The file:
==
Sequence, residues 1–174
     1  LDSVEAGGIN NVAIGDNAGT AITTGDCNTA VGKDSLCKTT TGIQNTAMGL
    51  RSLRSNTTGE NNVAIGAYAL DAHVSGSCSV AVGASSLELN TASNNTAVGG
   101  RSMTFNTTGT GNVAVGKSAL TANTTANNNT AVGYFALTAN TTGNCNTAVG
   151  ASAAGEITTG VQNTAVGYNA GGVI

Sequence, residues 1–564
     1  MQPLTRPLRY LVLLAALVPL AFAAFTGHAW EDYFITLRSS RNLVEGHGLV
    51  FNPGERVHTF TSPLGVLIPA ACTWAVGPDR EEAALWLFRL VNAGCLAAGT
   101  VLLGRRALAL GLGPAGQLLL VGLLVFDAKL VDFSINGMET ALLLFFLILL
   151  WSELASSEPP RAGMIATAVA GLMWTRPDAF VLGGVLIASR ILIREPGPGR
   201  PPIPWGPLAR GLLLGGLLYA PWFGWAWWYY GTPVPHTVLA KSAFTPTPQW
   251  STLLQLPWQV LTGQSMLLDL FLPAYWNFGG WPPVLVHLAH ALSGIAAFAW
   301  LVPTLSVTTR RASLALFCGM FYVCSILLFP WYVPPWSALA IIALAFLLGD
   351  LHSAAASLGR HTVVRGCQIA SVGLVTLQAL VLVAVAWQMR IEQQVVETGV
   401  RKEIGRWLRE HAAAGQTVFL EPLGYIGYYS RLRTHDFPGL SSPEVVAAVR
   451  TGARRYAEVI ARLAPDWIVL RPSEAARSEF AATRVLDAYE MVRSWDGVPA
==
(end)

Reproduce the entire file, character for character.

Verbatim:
Sequence, residues 1–174
     1  LDSVEAGGIN NVAIGDNAGT AITTGDCNTA VGKDSLCKTT TGIQNTAMGL
    51  RSLRSNTTGE NNVAIGAYAL DAHVSGSCSV AVGASSLELN TASNNTAVGG
   101  RSMTFNTTGT GNVAVGKSAL TANTTANNNT AVGYFALTAN TTGNCNTAVG
   151  ASAAGEITTG VQNTAVGYNA GGVI

Sequence, residues 1–564
     1  MQPLTRPLRY LVLLAALVPL AFAAFTGHAW EDYFITLRSS RNLVEGHGLV
    51  FNPGERVHTF TSPLGVLIPA ACTWAVGPDR EEAALWLFRL VNAGCLAAGT
   101  VLLGRRALAL GLGPAGQLLL VGLLVFDAKL VDFSINGMET ALLLFFLILL
   151  WSELASSEPP RAGMIATAVA GLMWTRPDAF VLGGVLIASR ILIREPGPGR
   201  PPIPWGPLAR GLLLGGLLYA PWFGWAWWYY GTPVPHTVLA KSAFTPTPQW
   251  STLLQLPWQV LTGQSMLLDL FLPAYWNFGG WPPVLVHLAH ALSGIAAFAW
   301  LVPTLSVTTR RASLALFCGM FYVCSILLFP WYVPPWSALA IIALAFLLGD
   351  LHSAAASLGR HTVVRGCQIA SVGLVTLQAL VLVAVAWQMR IEQQVVETGV
   401  RKEIGRWLRE HAAAGQTVFL EPLGYIGYYS RLRTHDFPGL SSPEVVAAVR
   451  TGARRYAEVI ARLAPDWIVL RPSEAARSEF AATRVLDAYE MVRSWDGVPA